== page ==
I never had a chance to recap my experience at the Indiana Black Expo. (I’m off at WorldCon right now, which means, at this rate, by sometime mid-winter I’ll be done recapping my summer adventures.)  This is part of my on-going experiment on how best to serve an underserved market.  You see, a long time ago, I once posed the issue to the genre whether or not we, as black writers, would be better off trying to break into the largely ignored black (audience) market rather than concentrate on being well known in the horror community. Maybe the debate isn’t limited to whether or not black writers, as opposed to all of us horror writers, should pigeon-hole ourselves into the relatively small horror buying market that barely seems to keep the small presses afloat. After all, isn’t the point to reach as large an audience as possible?  (This would be the flip side to my comments at another convention where I was on a panel and had the audacity to suggest that black people read so maybe it would be prudent to, you know, market to us.)

So putting my publisher’s money where my mouth is, I had a booth at the Indiana Black Expo to sell copies of my Knights of Breton Court series.  Even though it was a down year in terms of attendance for the Indiana Black Expo, as a non-genre “con”, it had a cross section of black people from which I could extrapolate many lessons:

1.  There’s not a lot of/enough competition. I was the only author selling anything speculative fiction.  I was largely up against self-help/empowerment, romance (largely of the “baby mama drama” variety), and crime novels.  Plus a disturbing amount of conspiracy/origins books.

2.  Horror does not play to the blue hairs. This is still Indiana. We’re still in the shadow of the Bible Belt.  Plenty of folks don’t take too kindly to folks playing with faith.  My fellow author Wrath James White would have been proud about how many good church folks gave me the “FU glare” after studying the covers of Orgy of Souls and Dark Faith.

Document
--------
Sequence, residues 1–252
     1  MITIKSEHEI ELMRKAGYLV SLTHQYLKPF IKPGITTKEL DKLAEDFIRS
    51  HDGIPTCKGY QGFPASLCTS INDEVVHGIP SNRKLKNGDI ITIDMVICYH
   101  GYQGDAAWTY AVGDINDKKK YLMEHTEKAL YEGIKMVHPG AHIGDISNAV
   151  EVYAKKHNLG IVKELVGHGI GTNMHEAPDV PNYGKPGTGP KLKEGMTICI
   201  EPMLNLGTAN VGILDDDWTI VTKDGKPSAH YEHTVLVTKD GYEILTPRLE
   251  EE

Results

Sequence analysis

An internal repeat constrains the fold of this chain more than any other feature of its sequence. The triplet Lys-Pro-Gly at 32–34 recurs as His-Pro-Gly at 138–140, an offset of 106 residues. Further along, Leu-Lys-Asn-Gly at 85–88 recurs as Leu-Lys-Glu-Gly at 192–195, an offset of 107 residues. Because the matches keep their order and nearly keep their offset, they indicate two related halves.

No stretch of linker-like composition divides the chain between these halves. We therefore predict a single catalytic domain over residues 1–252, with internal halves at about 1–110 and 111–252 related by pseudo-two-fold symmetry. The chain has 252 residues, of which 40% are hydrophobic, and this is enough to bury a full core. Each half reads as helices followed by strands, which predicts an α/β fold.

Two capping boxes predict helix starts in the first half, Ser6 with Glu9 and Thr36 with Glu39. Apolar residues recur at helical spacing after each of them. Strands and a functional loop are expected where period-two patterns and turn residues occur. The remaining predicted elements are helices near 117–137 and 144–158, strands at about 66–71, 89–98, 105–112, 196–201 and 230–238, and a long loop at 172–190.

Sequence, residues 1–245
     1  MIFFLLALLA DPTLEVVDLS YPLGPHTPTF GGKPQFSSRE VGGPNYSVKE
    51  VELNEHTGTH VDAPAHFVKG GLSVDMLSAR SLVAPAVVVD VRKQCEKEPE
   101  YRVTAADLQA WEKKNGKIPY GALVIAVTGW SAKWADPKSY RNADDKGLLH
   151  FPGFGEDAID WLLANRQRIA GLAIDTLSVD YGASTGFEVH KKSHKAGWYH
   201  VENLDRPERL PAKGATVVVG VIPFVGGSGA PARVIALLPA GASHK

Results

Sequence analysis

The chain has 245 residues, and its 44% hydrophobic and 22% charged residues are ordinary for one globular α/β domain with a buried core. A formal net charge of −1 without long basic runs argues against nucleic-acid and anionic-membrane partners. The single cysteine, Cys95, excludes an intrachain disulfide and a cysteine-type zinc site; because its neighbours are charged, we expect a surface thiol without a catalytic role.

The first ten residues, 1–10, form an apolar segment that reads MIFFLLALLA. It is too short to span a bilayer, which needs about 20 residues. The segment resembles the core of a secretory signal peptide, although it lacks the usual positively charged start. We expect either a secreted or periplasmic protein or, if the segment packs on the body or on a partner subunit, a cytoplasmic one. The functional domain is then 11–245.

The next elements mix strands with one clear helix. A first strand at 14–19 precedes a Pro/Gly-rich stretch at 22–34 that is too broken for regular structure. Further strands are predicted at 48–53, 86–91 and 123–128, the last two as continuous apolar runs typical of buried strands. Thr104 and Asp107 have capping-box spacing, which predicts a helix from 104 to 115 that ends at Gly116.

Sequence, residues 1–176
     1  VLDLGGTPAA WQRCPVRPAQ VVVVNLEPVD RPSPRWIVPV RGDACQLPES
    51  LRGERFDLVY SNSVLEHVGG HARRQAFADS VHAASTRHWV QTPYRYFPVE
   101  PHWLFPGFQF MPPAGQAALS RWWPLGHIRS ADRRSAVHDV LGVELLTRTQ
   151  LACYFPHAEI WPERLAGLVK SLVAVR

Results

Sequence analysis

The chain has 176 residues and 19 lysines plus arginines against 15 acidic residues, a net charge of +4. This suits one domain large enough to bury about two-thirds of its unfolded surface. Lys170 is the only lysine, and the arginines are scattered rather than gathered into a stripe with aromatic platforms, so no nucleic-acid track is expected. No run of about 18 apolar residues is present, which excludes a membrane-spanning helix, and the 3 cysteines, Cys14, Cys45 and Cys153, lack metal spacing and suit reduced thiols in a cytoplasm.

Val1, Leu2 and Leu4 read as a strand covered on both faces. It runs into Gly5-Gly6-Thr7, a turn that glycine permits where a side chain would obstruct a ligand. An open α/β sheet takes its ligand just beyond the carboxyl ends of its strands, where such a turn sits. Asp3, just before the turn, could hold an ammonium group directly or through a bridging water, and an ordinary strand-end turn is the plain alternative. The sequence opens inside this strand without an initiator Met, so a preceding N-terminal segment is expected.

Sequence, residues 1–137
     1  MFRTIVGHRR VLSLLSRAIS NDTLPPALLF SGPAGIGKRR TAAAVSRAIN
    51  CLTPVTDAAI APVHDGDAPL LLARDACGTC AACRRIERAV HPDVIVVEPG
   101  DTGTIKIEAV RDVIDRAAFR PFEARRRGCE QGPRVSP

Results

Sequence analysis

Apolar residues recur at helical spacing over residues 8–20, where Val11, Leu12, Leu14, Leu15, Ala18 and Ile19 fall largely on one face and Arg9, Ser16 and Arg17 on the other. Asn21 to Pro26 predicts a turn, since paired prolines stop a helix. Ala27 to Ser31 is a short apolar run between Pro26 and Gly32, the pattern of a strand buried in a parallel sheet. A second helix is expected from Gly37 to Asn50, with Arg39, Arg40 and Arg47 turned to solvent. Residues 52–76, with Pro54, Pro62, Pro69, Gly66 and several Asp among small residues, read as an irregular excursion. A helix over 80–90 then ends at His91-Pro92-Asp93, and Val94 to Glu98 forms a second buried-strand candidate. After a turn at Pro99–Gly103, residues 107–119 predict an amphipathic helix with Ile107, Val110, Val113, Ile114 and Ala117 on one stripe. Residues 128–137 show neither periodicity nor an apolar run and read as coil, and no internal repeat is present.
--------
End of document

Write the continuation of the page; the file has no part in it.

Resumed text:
3.  Speculative fiction is wanted. The number of folks who stopped at my booth just to shake my hand about wore me out.  The comments ranged from “we need more black super heroes” (referring to my books, not to me, sadly) to “why can’t we write our own Lord of the Rings.”  [Okay, to the person who asked “Are your books like Harry Potter?” I probably shouldn’t have answered “yes, yes they are” to make the sale, but, come on:  my dude has a sword and a gun on the cover!]

4.  I can say I write urban fantasy and have it mean exactly what I think it should mean.

5.  Self-publishing has never been frowned upon in the black community. It’s part of the DIY ethos at the heart of how we’re used to getting things done, as anyone who has bought tapes/CDs out of a car trunk can attest to.

6.  My ideal demographic is black geeks and/or young males. This makes me think that Onyxcon should be on my radar for next year.

7.  Never tell your mom that you have a booth at IBE. I can’t emphasize this enough.  My mom, who returned from her retirement home in Jamaica largely to go to Indiana Black Expo, turned my booth into her base of operations.  As if my booth only existed for her to drop off her bags.  And let me tell you, there’s nothing like having your mom drop off bags full of free condoms she’s managed to scoop up at the health fair.  In fact, I’m repressing that memory right now.